The difference between the denial mechanism of the emotionally imbalanced people and the manipulators’ responsibility-avoidance tactic is the source of the motivation. While the former is motivated by fear, the latter is rather motivated by desire.

That is to say, the only way for our anger to be righteous and effective at the same time is to commit to our homework of re-writing our limiting beliefs about ourselves—a big step of re-programming the subconscious, which makes us move from our unhealthy attachment style to the secure one: we build our emotional healthy boundaries; we learn to respect ourselves and never please even a person we truly care about at our expense.

Moreover, and until we can finish the process of rewiring the subconscious program—most precisely in relation with our limiting beliefs about the world— so that we can reconnect with our purest gut and become able to feel and clearly see the manipulation no matter how brilliant it is, education around narcissism among other Cluster B disorders is a MUST.

By breaking your denial circle and becoming knowledgeable, you are not only protecting yourself but also your kids who could be abused by their teachers. Don’t be shocked. Those sick souls are everywhere. Plus, they love the educational industry for two reasons:

  • Being grandiose, they hate hierarchy. Consequently, and since the levels of the grading in the educational system are in general fewer than if we are a beginner in any other industry, it is quite convenient.
  • Kids are the easiest victim of all. Their brain development is not complete and they, by definition, trust their teachers. That’s what they are told by their caregivers. They provide the narcissists with huge amounts of narcissistic supply. I explored this topic in this article.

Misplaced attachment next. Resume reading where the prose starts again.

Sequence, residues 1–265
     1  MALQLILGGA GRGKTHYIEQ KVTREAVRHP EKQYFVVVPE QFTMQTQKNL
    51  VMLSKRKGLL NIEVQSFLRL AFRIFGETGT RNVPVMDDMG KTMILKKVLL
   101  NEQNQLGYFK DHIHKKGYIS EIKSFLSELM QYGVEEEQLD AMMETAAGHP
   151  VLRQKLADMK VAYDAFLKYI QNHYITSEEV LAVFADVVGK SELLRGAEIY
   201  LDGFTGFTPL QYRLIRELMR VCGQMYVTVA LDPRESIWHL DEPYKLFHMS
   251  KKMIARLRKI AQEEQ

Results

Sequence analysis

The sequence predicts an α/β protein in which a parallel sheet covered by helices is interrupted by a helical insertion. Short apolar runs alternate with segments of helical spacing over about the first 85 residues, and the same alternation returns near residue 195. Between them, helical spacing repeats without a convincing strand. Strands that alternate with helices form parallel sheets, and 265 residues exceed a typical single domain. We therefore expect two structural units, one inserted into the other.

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Myriam Ben Salemhttps://medium.com/@myriambensalem
A recovered perfectionist. A passionate. A grown kid. A writer. A storyteller. An edutainer. A lifelong learner. A speaker. An unapologetic truth-teller. A stoic philosopher. More details about the story of my life? With pleasure! I am a mentor with a deep passion for empowering whomever I interact with, helping others unleash the servant leader in them and find their voice they would use to leave their legacy. Ice on the cake, the growth happens implicitly through simply modeling it. I spent 9 years working at a high level of consultancy and management in the Information Technology, Human Resources, and Research sectors, only to realize that my perfectionism syndrome was damaging myself and those around me. After three burnouts, an existential crisis, and having almost committed suicide following being harshly abused by a malignant narcissist, I dramatically embarked on a painful journey to drastically transform the miserable individual I was. I was saved at the last moment by the grace of my pure love divinity through an out-of-body experience making me see all the lies of my unhealthy ego, realize this gigantic universe was not revolving around my small self. Most importantly, I was able to visualize I was here for a mission. That was the moment of my migration from being religious to spiritual. The butterfly took time to emerge though. The caterpillar had to heal the very obvious scars, gain some strength to start the most rewarding investment of the whole existence: destroying all my limiting beliefs both about myself and the world, and rewiring my invasive subconscious program I never wrote in the first place! I am deeply passionate about everything life has to offer. I educate through any possible means on the importance of reconnecting with our common birth’s gifts making all of us seeds of greatness only numbed by the life-time conditioning. Writing is my very favorite and most preferred tool deployed for my mission. The topics I explore are in the nexus of stoic philosophy, psychology, neuroplasticity, and epigenetics. Common denominator? The quality of the subconscious program! I am described as vivacious, confident, compassionate, authentic, funny, warrior, vulnerable, grateful, bold, emotionally mature, showing integrity with an abundance mentality, and always seeking the best way forward for myself and every person I get the privilege to interact with.